Owning a rental property is tough work. In addition to understanding the legalities of leases (which requires a detailed knowledge of laws such as the Fair Housing Act), you need to make sure your tenants are a good fit for the property.
Every landlord has a screening process designed to ensure two things: that their tenants are able to afford the space, and that they won’t leave it looking (or smelling) worse than they found it. Both of these can usually be ensured through a criminal background check and a credit check, but even the most thorough of landlords may end up dealing with problem tenants. Visit this page for more information about background checks.
Unfortunately, this issue can become greatly exacerbated when said problem tenants are your friends. Let’s take a look at three major reasons why you shouldn’t rent a room, an apartment, or a house to your buddy from college or your best friend from high school.
Maintaining a professional relationship becomes impossible
Tenant-landlord relationships are, first and foremost, professional. As the owner of a rental property, you are responsible for setting the rules and your tenants are responsible for following them. After all, leases exist to ensure that both parties stick to their end of the bargain.
When you rent to a friend, you’ll find that that professional boundary gets muddled. Your pal might start asking for extensions on rent payments, or begin blatantly ignoring the rules of the rental agreement because they believe your history together means you’ll give them a pass. Re-establishing those boundaries is hard at best and impossible at worst, and may lead to the next bullet point.
It could cost you your friendship
Being a landlord means being an authority figure. Your friend may struggle with that interpretation, especially if you’ve known them for a long time. At the end of the day, this can cause a serious rift.
If they continue to disregard your rules, you’ll be forced to lay down the law in a way that won’t sound so friendly. In such cases, you won’t just be losing a tenant when the lease ends — you’ll be losing a friend.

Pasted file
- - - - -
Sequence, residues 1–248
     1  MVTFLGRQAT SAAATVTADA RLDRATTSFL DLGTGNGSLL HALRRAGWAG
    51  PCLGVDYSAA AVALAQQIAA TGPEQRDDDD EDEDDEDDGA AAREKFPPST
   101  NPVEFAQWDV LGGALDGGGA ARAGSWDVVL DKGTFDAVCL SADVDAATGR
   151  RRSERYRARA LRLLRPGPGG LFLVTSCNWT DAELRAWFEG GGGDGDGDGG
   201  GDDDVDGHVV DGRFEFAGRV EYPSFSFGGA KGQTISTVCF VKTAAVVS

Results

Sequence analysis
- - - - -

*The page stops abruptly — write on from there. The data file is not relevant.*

You’re the one has to pay in the end
Loss of friendship aside, you are still running a business. If your rental agreement states that no pets are allowed, and your buddy thinks you’ll be fine with his German Shepherd because you go way back, you’re the one who’s going to be left with a mess.
If your friend has a smoking habit, they may be inclined to light up regardless of any non-smoking clauses in the lease. From the cost of a complete deep clean (which can cost even more if cigarettes are involved) to general repairs, you’ll find yourself out of more money than you ever made from their presence.
Being a landlord is difficult enough as it is; you don’t want to add to the pile by putting a couple of your closest friends under a roof that you manage. Fortunately, you have plenty of tools at your disposal to help you find respectable strangers instead. Innovative software options like Turbo Tenant are uniquely designed to do all the digging for you — no muss, no fuss. Compared to the alternative (and all of its potential costs), renting to newcomers is always a better choice.
Rather than run the risk of a ruined apartment and a ruined friendship, establish one simple rule: no friends allowed. No matter what landlord-tenant resources you rely on, you’ll be grateful you chose John Doe over your favorite drinking buddy.
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